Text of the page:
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Title: Reading difficulties in a non-dominant language : a study of two interventions for multilingual children.
Author: Nag-Arulmani, Sonali.
ISNI:       0000 0001 3438 9147
Awarding Body: University of Portsmouth
Current Institution: University of Portsmouth
Date of Award: 2000
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Relatively little is known about the reading acquisition process in a non-dominant language in multilingual children. This study examined reading difficulties in a nondominant language, English, among 91 Grade three children whose dominant spoken language was Kannada, a South Indian language. Three sets of research questions were addressed: a) the associations between single word reading in the non-dominant language and decoding skills, phonological skills, language proficiency levels and working memory, b) the associations of phonological processing across language systems (the non-dominant reading language and the dominant spoken language) and with single word reading, and c) the relative effectiveness of a fifteen hour phonological skills intervention when compared with a language exposure intervention on reading outcomes. The results extended the findings from the monolingual literature of close links between single word reading, decoding and phonological skills. The role of language proficiency was especially evident at higher levels of reading attainment, replicating models of reading developed on anglo-centric samples. Lower single word reading skills were also found to be associated with lower working memory again extending associations found in the early stages of reading development of monolingual children. The literacy culture in India and its impact on specific reading comprehension strategies and the labelling of reading difficulty are discussed. It is in the study of the mixed phonological domain that limitations of monolingual frameworks begin to show. The mixed language phonological domain was found to be characterised by close associations across language systems and sharing of underlying phonological abilities. Factor analysis of six phoneme level tasks found a two-factor phonological structure which have been labelled as explicit, whole word manipulation ability and implicit, partial manipulation ability. The implications of these findings for a model of the mixed language phonological domain, and for interventions and early screening are discussed. In the intervention study, positive training effects were found with the Phonological Intervention on the skills triad of single word reading, phonological skills and decoding skill. The unique role of the dominant language phonology on phonological, decoding strategies and implications for planning phonological interventions in a non-dominant language are discussed. The Language Exposure condition failed to show any intervention specific impact on the outcome variables. The possibility of the language exposure intervention being most suitable after decoding skills are firmly in place is discussed.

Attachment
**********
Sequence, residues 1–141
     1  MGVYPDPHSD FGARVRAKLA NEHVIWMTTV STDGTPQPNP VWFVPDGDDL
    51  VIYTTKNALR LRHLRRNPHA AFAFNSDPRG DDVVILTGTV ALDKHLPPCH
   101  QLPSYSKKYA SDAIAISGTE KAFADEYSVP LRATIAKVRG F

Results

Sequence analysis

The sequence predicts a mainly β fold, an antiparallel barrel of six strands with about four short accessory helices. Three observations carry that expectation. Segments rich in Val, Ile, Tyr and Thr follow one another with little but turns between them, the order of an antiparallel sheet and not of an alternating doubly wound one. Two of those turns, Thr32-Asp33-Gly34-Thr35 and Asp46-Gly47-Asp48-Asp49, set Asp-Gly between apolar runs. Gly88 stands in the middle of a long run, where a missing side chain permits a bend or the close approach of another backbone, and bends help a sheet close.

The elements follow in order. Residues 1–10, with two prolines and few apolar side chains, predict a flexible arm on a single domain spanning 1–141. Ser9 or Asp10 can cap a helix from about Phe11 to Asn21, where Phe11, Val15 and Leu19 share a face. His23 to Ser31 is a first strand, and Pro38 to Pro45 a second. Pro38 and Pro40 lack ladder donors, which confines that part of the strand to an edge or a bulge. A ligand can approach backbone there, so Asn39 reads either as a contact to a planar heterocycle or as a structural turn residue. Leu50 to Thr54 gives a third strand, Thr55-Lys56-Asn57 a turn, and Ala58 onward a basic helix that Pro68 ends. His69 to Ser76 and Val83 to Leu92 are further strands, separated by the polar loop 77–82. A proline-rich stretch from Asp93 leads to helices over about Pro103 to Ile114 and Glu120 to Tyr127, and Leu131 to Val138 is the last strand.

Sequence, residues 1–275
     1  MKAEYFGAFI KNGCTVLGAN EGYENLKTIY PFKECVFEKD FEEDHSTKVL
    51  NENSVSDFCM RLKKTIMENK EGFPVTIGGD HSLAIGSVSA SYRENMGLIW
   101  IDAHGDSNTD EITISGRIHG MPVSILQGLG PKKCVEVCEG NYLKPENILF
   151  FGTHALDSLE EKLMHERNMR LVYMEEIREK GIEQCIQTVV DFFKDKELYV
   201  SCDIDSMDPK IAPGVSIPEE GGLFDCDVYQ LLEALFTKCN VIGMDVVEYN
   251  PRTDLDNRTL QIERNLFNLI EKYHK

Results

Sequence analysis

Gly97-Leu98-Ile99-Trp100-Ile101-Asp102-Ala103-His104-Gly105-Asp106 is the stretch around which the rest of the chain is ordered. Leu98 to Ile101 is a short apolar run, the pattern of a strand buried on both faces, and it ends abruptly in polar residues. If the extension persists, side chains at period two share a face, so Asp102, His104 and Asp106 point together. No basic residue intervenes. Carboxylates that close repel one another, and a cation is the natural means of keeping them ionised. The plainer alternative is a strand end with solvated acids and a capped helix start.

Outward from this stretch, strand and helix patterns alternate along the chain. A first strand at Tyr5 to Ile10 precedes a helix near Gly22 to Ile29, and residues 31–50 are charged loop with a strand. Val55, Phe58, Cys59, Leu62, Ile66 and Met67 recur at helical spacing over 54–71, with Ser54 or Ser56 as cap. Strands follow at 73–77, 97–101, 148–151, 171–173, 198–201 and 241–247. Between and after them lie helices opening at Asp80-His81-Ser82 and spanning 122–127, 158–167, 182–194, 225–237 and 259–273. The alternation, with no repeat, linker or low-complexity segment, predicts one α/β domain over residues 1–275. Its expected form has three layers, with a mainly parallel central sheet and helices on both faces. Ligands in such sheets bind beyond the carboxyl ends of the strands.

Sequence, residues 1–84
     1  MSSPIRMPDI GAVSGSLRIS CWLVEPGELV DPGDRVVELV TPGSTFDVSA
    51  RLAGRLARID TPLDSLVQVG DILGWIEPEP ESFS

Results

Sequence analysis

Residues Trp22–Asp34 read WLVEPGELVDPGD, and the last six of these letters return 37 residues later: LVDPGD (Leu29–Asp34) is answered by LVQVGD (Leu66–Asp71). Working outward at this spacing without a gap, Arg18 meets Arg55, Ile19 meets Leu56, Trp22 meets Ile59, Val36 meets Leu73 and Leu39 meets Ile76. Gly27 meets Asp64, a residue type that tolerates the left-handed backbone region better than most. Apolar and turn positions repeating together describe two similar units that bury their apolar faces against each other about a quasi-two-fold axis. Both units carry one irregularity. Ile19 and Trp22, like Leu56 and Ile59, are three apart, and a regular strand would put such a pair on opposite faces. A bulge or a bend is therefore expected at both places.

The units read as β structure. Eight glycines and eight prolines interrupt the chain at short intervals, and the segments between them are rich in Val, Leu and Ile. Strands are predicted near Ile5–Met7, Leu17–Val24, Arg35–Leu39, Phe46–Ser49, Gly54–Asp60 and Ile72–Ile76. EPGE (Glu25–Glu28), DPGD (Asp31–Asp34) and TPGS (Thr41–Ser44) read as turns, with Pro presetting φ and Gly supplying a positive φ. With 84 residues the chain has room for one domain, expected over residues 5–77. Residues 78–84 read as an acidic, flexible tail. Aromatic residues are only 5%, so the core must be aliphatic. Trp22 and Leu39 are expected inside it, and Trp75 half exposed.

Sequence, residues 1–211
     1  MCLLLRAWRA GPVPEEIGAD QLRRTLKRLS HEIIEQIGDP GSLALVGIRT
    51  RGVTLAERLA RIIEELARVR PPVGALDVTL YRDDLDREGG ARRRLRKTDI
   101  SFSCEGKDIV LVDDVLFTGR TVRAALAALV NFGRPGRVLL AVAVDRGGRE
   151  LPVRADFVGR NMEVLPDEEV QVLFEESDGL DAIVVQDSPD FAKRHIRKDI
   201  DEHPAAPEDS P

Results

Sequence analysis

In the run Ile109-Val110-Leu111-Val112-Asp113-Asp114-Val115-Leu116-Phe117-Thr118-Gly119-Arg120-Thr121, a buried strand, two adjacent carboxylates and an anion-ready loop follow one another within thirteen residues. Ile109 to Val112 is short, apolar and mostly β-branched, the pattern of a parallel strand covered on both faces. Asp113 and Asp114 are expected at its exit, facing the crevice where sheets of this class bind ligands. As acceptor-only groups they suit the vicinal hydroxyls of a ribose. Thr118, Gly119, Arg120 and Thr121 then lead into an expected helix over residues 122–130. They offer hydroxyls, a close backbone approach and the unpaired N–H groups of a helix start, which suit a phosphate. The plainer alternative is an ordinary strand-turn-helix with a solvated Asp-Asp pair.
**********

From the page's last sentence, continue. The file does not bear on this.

Supervisor: Not available Sponsor: Not available
Qualification Name: Thesis (Ph.D.) Qualification Level: Doctoral
EThOS ID:  DOI: Not available
Keywords: Second language; Phonological intervention; Phonological skills